The Brown administration released a draft of the Bay Delta Conservation Plan on December 9 2013, and received public comments through July 2014. A final revised proposal is expected from the Administration later this year. Anyone who cares about San Francisco Bay should care what happens in the Delta. Our quality of life and economy depend on a healthy San Francisco Bay, and a healthy San Francisco Bay depends in large part on fresh water from the Delta.
Fresh water flows from the Delta into the Bay improve Bay water quality and provide healthy habitat for fish and wildlife, including the many endangered and threatened species that live in the Bay and along its shoreline.
Save The Bay is part of a broad coalition calling on the Governor to heed the advice of state water experts and reduce diversion of fresh water from the Delta, develop regional and local water supplies, and increase conservation efforts. That more sustainable approach will save money, and better balance the water needs of all Californians, fisheries, and farmers.
The draft plan includes a proposal to build two tunnels, 40 feet high and 35 miles long, to move water from the north Delta to pumps in the south Delta. This plan could decrease fresh water flows to San Francisco Bay, especially in drier years. Reduced flows into the Bay could further reduce already-decimated salmon populations and increase salinity in sensitive fresh water habitat.
The scope of the current plan process is enormous, and could ultimately become one of the largest and most expensive public works projects in U.S. history, with no guarantee that it will provide a more reliable water supply for all Californians and protect, restore, and enhance the Delta ecosystem, as the Governor asserts.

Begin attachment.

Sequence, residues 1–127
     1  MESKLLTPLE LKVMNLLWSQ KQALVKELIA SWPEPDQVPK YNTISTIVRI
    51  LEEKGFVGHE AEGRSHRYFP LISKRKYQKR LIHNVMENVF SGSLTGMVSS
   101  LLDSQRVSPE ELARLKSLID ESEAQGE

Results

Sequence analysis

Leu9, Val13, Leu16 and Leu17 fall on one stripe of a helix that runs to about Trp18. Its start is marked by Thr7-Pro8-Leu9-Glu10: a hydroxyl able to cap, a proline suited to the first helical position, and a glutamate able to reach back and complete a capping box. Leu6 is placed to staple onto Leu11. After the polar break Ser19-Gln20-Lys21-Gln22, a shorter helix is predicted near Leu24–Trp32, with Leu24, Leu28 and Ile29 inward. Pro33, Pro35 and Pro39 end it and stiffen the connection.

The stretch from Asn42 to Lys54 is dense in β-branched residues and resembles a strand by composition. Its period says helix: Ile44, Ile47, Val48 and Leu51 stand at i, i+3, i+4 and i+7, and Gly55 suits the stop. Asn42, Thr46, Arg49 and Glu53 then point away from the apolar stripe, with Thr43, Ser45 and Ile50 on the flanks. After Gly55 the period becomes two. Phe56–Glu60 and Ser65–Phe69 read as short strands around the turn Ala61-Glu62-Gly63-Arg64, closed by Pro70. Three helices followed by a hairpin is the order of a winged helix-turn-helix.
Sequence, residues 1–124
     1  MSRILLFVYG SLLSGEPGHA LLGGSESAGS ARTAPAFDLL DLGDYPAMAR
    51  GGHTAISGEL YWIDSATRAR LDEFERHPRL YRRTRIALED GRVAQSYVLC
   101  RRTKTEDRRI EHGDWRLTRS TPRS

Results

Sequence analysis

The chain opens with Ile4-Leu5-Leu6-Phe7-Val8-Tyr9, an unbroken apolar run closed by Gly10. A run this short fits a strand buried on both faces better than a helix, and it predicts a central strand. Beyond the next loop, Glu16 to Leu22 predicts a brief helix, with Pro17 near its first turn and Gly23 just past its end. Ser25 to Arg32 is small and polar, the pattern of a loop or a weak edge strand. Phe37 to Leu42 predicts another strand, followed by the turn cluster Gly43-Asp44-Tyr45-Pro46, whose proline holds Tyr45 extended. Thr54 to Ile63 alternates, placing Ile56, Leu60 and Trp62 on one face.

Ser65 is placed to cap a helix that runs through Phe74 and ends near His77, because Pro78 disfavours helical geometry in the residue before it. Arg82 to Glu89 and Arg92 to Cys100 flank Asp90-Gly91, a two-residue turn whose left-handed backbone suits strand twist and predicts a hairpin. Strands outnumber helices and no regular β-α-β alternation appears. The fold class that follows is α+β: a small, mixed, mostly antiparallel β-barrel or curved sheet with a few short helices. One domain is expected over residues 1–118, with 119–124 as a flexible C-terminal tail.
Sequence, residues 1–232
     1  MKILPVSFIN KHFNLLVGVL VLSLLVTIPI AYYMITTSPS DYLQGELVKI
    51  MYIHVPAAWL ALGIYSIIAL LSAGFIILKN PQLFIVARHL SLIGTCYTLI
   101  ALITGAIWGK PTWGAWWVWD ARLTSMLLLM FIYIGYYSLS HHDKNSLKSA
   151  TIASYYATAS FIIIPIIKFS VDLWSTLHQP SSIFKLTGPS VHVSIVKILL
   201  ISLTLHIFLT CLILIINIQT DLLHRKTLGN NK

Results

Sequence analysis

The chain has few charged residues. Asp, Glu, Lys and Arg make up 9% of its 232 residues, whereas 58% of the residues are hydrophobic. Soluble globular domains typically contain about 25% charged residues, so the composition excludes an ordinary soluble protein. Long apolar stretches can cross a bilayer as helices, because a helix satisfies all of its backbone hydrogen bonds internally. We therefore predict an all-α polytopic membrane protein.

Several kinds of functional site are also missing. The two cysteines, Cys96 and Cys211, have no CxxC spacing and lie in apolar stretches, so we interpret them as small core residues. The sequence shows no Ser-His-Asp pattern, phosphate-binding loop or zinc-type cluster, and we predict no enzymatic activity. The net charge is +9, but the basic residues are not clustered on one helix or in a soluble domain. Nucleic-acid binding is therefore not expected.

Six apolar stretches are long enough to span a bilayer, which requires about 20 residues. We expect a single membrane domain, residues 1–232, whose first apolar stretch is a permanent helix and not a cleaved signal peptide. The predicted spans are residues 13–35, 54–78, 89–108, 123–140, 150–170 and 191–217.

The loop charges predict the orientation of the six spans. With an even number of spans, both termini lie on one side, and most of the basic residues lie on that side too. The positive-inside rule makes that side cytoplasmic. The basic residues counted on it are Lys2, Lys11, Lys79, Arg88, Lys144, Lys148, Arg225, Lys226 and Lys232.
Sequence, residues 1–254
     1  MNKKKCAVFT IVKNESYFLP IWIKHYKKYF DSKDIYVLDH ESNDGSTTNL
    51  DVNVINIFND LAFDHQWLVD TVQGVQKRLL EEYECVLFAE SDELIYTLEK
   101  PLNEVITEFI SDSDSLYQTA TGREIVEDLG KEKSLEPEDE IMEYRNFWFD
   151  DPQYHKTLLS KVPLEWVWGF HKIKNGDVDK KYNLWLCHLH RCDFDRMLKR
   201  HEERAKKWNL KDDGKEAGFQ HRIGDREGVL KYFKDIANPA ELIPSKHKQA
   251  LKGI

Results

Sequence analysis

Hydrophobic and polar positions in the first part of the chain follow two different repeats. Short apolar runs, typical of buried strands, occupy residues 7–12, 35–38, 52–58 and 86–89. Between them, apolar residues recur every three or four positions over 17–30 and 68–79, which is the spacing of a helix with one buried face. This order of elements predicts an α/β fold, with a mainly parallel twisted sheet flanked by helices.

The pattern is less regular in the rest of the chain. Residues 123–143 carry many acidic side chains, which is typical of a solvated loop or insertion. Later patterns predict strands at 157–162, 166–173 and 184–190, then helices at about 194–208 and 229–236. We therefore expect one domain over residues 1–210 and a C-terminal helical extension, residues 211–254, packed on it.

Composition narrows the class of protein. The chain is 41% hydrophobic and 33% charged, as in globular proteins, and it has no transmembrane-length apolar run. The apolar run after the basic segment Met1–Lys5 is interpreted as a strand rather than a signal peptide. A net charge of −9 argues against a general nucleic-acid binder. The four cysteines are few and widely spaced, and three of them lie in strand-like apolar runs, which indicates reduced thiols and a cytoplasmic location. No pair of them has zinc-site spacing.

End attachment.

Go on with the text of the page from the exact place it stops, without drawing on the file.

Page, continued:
Water wars in California are nothing new. The battle to stop the proposed Peripheral Canal more than 25 years ago was an important turning point in California water history. Save The Bay played a lead role then, exposing the threat the canal posed to San Francisco Bay, and mobilizing a large coalition to defeat it at the ballot box.
In the News
“Paying for the $25 billion project -- which is certain to face years of lawsuits and probably a statewide ballot measure -- is also uncertain. State officials say water agencies will pay for about two-thirds of the cost through higher water rates. The rest they project to come from a state water bond on the November 2014 ballot and money from Congress, neither of which is guaranteed.”
November 23, 2013:Why California water debate is going nowhere fast
“At its worst, this could be one of the biggest water grabs in state history. And for California, that's saying something. The focus instead should be the operating conditions for the delta, particularly the amount of water that needs to flow through it annually to maintain the health of the estuary.”
November 18, 2013: Why the Bay Area should care about the California delta
“If you savor locally caught salmon, the delta's health is crucial to maintaining the supply. If you love the dominant feature of our home, the San Francisco Bay, you should care about maintaining freshwater flows from the Sacramento-San Joaquin River Delta.”
February 19, 2013: Delta pipes pitch less than perfect.
“The pipe idea - single or double - won't address the need to take less water from the delta (delta exports rose to a record in 2011), and it disturbs the flow through the delta needed to maintain the salmon population.”
March 30, 2012: Prestigious panel agrees: Delta is stressed, with no easy fix
“Since 2002, nine native fish species have experienced steep population declines, capped by a declared "disaster" for Sacramento River salmon that included an unprecedented two-year closure of commercial fishing.”